We also have integrations with GitHub Actions, Travis CI, Jenkins, and For the last one there, the documentation on integration provides the command to trigger once to set the integration with your project. Select the accurate Blackfire Environment with the drop-down menu to have the credentials and UUID.

platform integration:add --type=webhook --url='https://********:********<ENV_UUID>/platformsh'

You will be prompted to answer a couple of questions to define which events to listen to, which states (pending, in_progress, or complete) to act on, which environments to include, or to exclude.

Here is an example of the outcome after configuring the integration for all project environments. A build will be triggered whenever we push to an environment, merge, or redeploy it:

As always, let’s test the configuration by pushing code to an environment of that project. A Build notice immediately appears, proving the integration is working as expected.

GitHub Actions

Last but not least, let’s have a look at the integration with GitHub Actions. The documentation provides multiple examples of jobs using Blackfire.

Do not forget to define some secret variables in your project settings to set up Blackfire on GitHub Actions. This example may get you started:


on: push

        name: Setup build
        runs-on: ubuntu-latest
            url: '${{ steps.await-env.outputs.env_url }}'
            name: '${{ steps.await-env.outputs.integration_name }}'
            status: '${{ steps.await-env.outputs.commit_status }}'
            cases: '${{ steps.get-tests.outputs.cases }}'
            - uses: actions/checkout@v2
            - name: Wait for deployment to complete
              id: await-env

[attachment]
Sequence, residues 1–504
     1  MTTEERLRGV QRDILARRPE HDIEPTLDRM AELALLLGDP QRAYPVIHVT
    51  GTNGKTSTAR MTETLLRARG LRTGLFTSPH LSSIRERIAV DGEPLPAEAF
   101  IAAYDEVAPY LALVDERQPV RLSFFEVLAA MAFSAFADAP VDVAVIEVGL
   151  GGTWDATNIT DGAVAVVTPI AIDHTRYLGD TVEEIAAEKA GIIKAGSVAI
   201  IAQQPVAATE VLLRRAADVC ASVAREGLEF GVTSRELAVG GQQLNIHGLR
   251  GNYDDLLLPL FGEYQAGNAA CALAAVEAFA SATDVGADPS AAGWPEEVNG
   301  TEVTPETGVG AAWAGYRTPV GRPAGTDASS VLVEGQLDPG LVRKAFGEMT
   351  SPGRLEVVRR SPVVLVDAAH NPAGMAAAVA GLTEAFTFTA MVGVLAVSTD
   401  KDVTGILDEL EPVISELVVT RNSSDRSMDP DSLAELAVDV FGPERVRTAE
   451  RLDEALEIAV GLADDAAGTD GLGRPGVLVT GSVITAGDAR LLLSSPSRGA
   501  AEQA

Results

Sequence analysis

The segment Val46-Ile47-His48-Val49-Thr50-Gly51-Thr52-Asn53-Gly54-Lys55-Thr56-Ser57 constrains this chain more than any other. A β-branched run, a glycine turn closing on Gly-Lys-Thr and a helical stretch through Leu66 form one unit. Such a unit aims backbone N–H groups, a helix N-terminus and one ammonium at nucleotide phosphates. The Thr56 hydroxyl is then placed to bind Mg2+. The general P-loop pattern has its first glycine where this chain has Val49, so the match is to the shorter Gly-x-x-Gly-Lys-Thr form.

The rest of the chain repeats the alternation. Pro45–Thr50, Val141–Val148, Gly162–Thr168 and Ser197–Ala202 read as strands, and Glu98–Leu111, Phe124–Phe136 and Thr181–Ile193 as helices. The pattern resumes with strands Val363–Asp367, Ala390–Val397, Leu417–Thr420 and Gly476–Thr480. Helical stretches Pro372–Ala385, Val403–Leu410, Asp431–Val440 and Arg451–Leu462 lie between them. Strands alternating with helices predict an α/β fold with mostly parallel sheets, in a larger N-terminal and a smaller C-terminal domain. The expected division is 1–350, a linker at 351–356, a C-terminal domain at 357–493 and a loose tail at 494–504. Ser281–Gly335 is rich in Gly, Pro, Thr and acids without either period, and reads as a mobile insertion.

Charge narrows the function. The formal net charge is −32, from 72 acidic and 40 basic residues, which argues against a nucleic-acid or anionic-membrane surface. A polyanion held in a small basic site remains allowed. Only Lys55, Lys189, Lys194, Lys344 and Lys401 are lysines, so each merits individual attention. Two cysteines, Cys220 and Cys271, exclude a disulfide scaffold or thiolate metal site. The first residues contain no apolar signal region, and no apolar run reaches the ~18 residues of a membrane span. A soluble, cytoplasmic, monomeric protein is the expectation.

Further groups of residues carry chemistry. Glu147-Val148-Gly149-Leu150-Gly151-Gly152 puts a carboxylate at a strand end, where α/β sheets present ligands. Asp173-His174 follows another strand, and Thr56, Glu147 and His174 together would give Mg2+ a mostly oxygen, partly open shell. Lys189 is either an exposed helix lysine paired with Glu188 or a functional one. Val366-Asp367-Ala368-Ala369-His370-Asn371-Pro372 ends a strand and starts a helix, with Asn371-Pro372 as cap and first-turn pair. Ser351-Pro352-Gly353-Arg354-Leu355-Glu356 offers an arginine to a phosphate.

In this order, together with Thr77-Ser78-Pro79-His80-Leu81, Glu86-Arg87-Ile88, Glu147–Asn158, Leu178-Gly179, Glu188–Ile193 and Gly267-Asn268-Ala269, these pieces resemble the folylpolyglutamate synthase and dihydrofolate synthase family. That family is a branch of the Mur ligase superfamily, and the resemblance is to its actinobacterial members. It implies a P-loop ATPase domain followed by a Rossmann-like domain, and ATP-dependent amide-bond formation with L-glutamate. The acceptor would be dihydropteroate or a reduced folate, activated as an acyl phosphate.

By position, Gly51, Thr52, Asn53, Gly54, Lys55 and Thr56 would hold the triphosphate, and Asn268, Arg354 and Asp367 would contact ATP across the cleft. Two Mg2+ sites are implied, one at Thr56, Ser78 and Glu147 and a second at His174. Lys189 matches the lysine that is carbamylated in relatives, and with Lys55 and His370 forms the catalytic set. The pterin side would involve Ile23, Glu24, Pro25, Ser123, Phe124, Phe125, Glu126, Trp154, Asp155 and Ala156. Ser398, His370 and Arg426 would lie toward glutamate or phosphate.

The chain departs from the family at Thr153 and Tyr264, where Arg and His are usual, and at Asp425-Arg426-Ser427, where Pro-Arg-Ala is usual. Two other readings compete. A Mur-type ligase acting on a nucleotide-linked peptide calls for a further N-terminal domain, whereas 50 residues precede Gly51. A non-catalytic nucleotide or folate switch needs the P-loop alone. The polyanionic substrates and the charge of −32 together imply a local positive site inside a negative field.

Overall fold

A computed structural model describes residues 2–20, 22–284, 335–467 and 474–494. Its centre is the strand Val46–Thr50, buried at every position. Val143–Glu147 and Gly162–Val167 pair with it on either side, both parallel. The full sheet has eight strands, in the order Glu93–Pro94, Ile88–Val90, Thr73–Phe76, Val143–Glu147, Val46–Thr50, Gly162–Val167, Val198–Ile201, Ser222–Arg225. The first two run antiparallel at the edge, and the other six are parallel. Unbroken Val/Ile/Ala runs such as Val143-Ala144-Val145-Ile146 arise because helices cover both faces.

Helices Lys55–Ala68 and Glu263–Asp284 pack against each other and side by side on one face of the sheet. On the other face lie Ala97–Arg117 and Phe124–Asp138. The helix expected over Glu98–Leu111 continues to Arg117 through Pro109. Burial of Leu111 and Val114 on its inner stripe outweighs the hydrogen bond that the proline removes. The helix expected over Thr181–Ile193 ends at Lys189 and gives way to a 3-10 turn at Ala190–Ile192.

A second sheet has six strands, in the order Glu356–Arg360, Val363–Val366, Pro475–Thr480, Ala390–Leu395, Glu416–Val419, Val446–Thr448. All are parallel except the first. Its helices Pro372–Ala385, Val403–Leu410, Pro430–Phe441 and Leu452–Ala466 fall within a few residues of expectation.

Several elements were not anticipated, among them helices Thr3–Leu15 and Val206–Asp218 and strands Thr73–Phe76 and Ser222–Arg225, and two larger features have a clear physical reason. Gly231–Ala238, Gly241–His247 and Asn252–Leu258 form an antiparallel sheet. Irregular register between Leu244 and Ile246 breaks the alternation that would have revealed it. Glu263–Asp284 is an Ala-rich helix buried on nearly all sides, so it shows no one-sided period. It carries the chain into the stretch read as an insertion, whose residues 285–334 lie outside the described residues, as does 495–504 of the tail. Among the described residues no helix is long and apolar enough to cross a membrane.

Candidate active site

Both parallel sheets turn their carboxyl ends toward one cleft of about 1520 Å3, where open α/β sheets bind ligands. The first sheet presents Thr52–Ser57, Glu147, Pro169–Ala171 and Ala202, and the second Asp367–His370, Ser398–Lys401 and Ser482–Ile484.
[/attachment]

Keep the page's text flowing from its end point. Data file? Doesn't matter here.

uses: ./.github/actions/platformsh-wait
                  github-token: '${{ secrets.GITHUB_TOKEN }}'

        runs-on: ubuntu-latest
        name: Run build
        needs: setup
            - uses: actions/checkout@v2
            - name: Setup Blackfire via setup-php Action
              uses: shivammathur/setup-php@v2
                  extensions: 'blackfire, :xdebug'
                  tools: 'blackfire, blackfire-player'
                  BLACKFIRE_SERVER_ID: '${{ secrets.BLACKFIRE_SERVER_ID }}'
                  BLACKFIRE_SERVER_TOKEN: '${{ secrets.BLACKFIRE_SERVER_TOKEN }}'
                  BLACKFIRE_CLIENT_ID: '${{ secrets.BLACKFIRE_CLIENT_ID }}'
                  BLACKFIRE_CLIENT_TOKEN: '${{ secrets.BLACKFIRE_CLIENT_TOKEN }}'
            - name: List vars
              run: printenv
            - name: Trigger a Blackfire Build
              run: blackfire build-trigger ${{ needs.setup.outputs.url }} --env=${{ secrets.BLACKFIRE_ENV_UUID }} --token=${{ secrets.BLACKFIRE_BUILD_TOKEN }}
              # --title --external-id (commit hash, for example) --external-parent-id (parent commit hash?) --external-url (pr url?)

Now, you should be as close as possible to becoming a Blackfire Tests Jedi Master. You are now in a situation where you can fully test the performances of your applications, write custom metrics, and make sure all the critical user journeys are under tight control.

I’m looking forward to reading your performance testing stories. 

Find us on Reddit and Twitter, and share with the community your take on performance testing. We’ll be happy to continue that conversation with you. Kudos to all Jedis and Padawans.

Happy Performance Testing!

Read the full series:

  • Part 1 – your first test
  • Part 2 – custom metrics
  • Part 3 – your first scenario
  • Part 4 – in-depth scenarios
  • Part 5 – automation and CI/CD pipelines (you are here)

Thomas di Luccio

Thomas is a Developer Relations Engineer at for He likes nothing more than understanding the users' needs and helping them find practical and empowering solutions. He’ll support you as a day-to-day user.